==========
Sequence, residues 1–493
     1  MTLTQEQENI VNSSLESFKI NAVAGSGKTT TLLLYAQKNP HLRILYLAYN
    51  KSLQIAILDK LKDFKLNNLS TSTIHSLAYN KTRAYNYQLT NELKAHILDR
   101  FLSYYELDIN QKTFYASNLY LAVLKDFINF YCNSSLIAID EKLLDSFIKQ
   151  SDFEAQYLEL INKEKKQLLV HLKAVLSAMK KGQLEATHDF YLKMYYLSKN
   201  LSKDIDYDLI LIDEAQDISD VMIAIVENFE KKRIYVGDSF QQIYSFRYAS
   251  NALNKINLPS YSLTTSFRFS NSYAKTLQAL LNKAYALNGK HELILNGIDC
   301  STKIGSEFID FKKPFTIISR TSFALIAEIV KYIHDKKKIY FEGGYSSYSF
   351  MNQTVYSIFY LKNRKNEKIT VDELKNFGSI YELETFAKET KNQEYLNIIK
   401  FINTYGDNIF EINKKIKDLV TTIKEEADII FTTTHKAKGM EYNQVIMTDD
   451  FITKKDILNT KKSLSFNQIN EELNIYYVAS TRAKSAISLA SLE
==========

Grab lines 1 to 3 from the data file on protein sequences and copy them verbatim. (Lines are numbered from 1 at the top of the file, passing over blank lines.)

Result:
Sequence, residues 1–493
     1  MTLTQEQENI VNSSLESFKI NAVAGSGKTT TLLLYAQKNP HLRILYLAYN
    51  KSLQIAILDK LKDFKLNNLS TSTIHSLAYN KTRAYNYQLT NELKAHILDR